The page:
The descriptive term long-period variable star refers to various groups of cool luminous pulsating variable stars. It is frequently abbreviated to LPV.
The General Catalogue of Variable Stars does not define a long-period variable star type, although it does describe Mira variables as long-period variables. The term was first used in the 19th century, before more precise classifications of variable stars, to refer to a group that were known to vary on timescales typically hundreds of days. By the middle of the 20th century, long period variables were known to be cool giant stars. The relationship of Mira variables, semiregular variables, and other pulsating stars was being investigated and the term long period variable was generally restricted to the coolest pulsating stars, almost all Mira variables. Semiregular variables were considered intermediate between LPVs and Cepheids.
After the publication of the General Catalogue of Variable Stars, both Mira variables and semiregular variables, particularly those of type SRa, were both often considered as long period variables. At its broadest, LPVs include Mira, semiregular, slow irregular variables, and OGLE small amplitude red giants (OSARGs), including both giant and supergiant stars. The OSARGs are generally not treated as LPVs, and many authors continue to use the term more restrictively to refer just to Mira and semiregular variables, or solely to Miras. The AAVSO LPV Section covers "Miras, Semiregulars, RV Tau and all your favorite red giants".
The AAVSO LPV Section covers the Mira, SR, and L stars, but also RV Tauri variables, another type of large cool slowly varying star. This includes SRc and Lc stars which are respectively semi-regular and irregular cool supergiants. Recent researches have increasingly focused on the long period variables as only AGB and possibly red giant tip stars. The recently classified OSARGs are by far the most numerous of these stars, comprising a high proportion of red giants.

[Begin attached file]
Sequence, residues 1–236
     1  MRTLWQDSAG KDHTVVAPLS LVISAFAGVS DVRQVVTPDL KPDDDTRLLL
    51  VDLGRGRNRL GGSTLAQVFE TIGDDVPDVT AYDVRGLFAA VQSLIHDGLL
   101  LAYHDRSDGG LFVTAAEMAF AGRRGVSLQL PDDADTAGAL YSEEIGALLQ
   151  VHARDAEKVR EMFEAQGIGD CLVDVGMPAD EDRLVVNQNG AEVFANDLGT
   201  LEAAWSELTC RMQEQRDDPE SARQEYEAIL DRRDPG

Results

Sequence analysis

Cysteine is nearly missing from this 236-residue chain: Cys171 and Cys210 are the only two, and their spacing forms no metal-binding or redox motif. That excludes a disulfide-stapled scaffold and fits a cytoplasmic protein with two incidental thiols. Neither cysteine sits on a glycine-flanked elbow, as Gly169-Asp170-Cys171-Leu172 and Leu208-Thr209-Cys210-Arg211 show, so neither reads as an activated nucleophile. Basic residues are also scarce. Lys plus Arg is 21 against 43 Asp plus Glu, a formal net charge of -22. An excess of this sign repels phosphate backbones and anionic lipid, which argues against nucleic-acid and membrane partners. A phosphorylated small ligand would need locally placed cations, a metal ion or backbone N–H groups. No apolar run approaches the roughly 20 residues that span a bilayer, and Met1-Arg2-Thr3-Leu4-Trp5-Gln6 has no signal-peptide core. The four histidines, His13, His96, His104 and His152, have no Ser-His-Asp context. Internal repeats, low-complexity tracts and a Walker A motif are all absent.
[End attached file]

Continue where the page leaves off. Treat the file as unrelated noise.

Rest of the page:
Long period variables are pulsating cool giant, or supergiant, variable stars with periods from around a hundred days, or just a few days for OSARGs, to more than a thousand days. In some cases, the variations are too poorly defined to identify a period, although it is an open question whether they are truly non-periodic.
Most LPVs, including all Mira variables, are thermally-pulsing asymptotic giant branch stars with luminosities several thousand times the sun. Some semiregular and irregular variables are less luminous giant stars, while others are more luminous supergiants including some of the largest known stars such as VY CMa.
Between a quarter and a half of long period variables show very slow variations with an amplitude up to one magnitude at visual wavelengths, and a period around ten times the primary pulsation period. These are called long secondary periods. The causes of the long secondary periods are unknown. Binary interactions, dust formation, rotation, or non-radial oscillations have all been proposed as causes, but all have problems explaining the observations.
Mira variables are mostly fundamental mode pulsators, while the semiregular and irregular variables on the asymptotic giant branch pulsate in the first, second, or third overtone. Many of the less regular LPVs pulsate in more than one mode.
Long secondary periods cannot be caused by fundamental mode radial pulsations or their harmonics, but strange mode pulsations are one possible explanation.